See our full list of used equipment on www.monroetractor.com
After-hours support: You always have help with your equipment emergencies. Adams Center: 315.408.6381 Albany: 518.365.3174 Auburn: 315.374.6287 Batavia: 585.746.1670 Binghamton: 607-349-5030 Canandaigua: 585.303.6270 Elmira: 607.481.0095 Hornell: 607.661.0393 “We’re there to keep you doing your job.”
We reserve the right to change prices, or not sell an item, due to error in pricing.
Call one of our agriculture locations:
we keep you working
Adams Center, NY (AC) Jim Munroe II 866-314-3155
Albany, NY (AL) Danny Speach 585.236.7345
Auburn, NY (A) Clay VanNostrand 866-315-6311
Batavia, NY (B) James Kingston 866-320-2166
Binghamton, NY (BG) Jeremy Palmer 866-321-4277
Canandaigua, NY (C) John Poppoon 866-325-0388
Elmira, NY (E) Tom Sutter 800-866-8912
Hornell, NY (H) Kris Bower 800-866-8925
April Milk Production Up A Little More Than Expected Issued May 24, 2013 April milk production year ago. California milk output in the top 23 producing states totaled 16.1 bil- was down just 0.2 perlion pounds, up 0.3 per- cent from a year ago. cent from April 2012, ac- Wisconsin was up 1.3 cording to preliminary percent, New York was data in USDA’s latest up 1.7 percent, Idaho “sequestered” Milk Pro- was up a half-percent, duction report. The 50- Pennsylvania was unstate output amounted changed, and Minnesota to 17.3 billion pounds, was up 1.8 percent. Other states of interest up 0.2 percent. The total was more than expected saw Michigan up 1.3 but not overwhelmingly percent, New Mexico was so. The March data was down 2.5 percent, Texas not revised, remaining at was down 3.2 percent, 16.4 billion pounds, and Washington was up down 0.1 percent from a 1.7 percent.
Cow numbers and output per cow data was suspended because of the government sequester, however USDA’s latest Livestock Slaughter report shows an estimated 259,400 culled dairy cows were slaughtered under federal inspection in April, down 5,800 from March, but 28,600 more than April 2012. While 2013 weekly slaughter totals have slowed somewhat, cull dairy cow slaughter has surpassed the comparable week a year ago in 13 of the first 19 weeks of the year. The JanuaryApril 2013 total was estimated at 1.099 million head, 56,100 more than the same period in 2012. Checking the cooler; USDA’s latest Cold Storage report shows plenty of dairy products in storage. April butter stocks totaled 310.7 million pounds, up 55.7 million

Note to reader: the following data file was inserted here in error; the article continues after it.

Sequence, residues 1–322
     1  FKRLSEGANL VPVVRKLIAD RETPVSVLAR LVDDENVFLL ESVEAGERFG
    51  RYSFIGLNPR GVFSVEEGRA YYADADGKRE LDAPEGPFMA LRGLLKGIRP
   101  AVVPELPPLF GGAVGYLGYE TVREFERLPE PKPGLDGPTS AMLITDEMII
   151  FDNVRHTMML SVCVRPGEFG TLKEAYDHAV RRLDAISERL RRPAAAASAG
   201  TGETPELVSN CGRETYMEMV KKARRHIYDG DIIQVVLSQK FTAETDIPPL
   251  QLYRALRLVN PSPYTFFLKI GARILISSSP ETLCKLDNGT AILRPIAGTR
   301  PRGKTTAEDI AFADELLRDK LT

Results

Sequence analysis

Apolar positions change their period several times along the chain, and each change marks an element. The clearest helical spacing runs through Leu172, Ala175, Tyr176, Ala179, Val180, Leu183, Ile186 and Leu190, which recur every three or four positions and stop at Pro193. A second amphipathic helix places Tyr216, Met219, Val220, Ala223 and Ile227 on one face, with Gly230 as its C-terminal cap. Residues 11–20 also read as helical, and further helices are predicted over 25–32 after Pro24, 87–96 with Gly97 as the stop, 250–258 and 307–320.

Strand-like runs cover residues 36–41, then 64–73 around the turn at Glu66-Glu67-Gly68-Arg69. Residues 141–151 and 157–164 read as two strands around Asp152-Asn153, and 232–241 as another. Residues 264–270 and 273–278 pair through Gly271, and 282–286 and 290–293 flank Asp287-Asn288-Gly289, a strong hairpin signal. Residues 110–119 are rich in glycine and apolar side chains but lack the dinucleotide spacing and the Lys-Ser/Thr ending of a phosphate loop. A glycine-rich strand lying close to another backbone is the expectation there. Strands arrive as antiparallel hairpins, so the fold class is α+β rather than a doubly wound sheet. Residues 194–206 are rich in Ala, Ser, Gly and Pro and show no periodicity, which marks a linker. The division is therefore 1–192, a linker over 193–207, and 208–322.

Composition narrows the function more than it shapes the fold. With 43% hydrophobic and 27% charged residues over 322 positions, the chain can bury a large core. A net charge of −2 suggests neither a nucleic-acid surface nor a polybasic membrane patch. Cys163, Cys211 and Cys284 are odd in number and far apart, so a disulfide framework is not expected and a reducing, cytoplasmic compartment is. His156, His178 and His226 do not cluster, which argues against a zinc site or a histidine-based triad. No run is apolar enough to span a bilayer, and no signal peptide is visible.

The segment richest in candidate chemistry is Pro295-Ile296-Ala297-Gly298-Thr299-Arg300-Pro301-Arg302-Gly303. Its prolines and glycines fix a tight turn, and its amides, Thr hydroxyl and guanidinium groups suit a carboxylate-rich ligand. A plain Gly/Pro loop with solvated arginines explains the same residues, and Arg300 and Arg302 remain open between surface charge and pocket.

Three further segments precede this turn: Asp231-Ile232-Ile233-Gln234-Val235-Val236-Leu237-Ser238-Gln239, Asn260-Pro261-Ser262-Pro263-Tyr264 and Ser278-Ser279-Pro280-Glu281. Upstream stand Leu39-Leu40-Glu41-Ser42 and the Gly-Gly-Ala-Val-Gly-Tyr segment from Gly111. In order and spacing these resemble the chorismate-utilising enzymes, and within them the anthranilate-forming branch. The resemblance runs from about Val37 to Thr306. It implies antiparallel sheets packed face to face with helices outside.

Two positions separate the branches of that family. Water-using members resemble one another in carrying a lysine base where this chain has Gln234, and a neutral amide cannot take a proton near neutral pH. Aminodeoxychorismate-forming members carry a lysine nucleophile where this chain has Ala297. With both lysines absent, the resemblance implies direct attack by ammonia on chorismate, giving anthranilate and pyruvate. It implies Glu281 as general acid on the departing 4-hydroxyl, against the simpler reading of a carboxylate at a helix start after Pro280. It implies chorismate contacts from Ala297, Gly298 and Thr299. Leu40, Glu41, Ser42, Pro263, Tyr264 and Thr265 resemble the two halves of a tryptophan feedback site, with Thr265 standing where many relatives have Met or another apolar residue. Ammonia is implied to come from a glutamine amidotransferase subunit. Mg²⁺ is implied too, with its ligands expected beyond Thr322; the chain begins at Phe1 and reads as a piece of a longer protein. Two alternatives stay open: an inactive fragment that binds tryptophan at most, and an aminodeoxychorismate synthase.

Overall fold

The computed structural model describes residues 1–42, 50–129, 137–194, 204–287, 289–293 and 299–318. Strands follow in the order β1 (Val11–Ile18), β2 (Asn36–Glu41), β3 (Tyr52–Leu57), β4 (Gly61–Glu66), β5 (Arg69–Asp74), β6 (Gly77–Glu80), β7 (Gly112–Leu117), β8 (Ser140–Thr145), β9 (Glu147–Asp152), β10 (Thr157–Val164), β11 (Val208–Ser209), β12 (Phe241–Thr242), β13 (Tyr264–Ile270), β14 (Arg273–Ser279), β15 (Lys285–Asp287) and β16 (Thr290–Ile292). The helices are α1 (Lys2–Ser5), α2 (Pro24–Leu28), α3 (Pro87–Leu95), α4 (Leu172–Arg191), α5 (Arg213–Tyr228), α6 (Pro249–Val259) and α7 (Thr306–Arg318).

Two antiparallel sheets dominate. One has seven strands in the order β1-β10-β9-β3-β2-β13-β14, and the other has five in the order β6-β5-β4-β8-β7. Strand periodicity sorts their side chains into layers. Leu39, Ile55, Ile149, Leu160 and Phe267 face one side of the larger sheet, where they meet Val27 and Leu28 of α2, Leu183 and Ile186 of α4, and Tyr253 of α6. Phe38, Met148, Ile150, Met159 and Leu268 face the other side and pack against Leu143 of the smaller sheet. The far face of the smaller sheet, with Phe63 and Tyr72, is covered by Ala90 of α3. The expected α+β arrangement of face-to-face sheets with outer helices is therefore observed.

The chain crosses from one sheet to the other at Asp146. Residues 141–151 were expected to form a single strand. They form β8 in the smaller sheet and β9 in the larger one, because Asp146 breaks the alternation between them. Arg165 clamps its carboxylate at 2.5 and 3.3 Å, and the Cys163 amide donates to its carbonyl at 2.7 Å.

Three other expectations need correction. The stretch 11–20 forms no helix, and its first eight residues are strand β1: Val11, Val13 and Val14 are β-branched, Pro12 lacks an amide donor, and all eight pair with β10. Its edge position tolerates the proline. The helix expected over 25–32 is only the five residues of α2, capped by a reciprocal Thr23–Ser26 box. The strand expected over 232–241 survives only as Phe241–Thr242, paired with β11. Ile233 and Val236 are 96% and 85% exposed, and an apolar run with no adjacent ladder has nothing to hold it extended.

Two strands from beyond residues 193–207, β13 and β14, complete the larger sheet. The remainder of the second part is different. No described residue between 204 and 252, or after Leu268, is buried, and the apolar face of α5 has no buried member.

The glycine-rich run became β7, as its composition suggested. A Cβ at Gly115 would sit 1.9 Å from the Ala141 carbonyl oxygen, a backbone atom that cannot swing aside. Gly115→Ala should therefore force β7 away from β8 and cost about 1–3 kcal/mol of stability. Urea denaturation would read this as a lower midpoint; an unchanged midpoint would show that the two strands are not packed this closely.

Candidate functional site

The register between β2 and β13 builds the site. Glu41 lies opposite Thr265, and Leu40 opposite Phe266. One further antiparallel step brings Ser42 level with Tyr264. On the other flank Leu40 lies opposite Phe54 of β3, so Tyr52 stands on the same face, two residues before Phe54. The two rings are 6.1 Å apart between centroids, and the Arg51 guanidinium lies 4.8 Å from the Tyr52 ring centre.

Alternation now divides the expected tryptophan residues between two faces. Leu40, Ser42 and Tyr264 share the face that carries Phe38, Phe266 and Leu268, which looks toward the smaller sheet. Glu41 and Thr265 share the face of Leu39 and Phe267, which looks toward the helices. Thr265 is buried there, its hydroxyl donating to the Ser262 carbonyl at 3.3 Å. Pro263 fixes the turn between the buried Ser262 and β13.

PATSY VENNARA REAL ESTATE AND WOOD WORKING TOOL AUCTION
JUNE 14, 2013 11:00 AM LITTLE FALLS, NY 40 Hancock Street
Having reached the age of 98 years will sell: Very nice 2 story 1924 sq. ft. home. Used as a double but easily converted to a single. Vinyl siding, good roof, some replacement windows. Terms: 10% buyers premium, $4,000 cash or cashiers check, deposit day of sale, balance at closing. Open House Tuesday, June 4, 2013. 10 till noon. Delta table saw, Atlas band saw, Foley #200 saw sharpener, Homecraft jointer, large assortment of hand tools, Drill press, several tool chests with wood working tools, several Belsaw machines, 40' aluminum ladder, some household items, and much more we still have to uncover! Patsy was a master craftsman and made a desk for President Roosevelt while he was in office. His tools are in excellent condition. TERMS: Cash, Check, MasterCard or Visa. 13% buyer's premium, 3% discount for cash or check. Nothing to be removed until settled for. All items sell "AS IS".
MINDEN ABSOLUTE REAL ESTATE AUCTION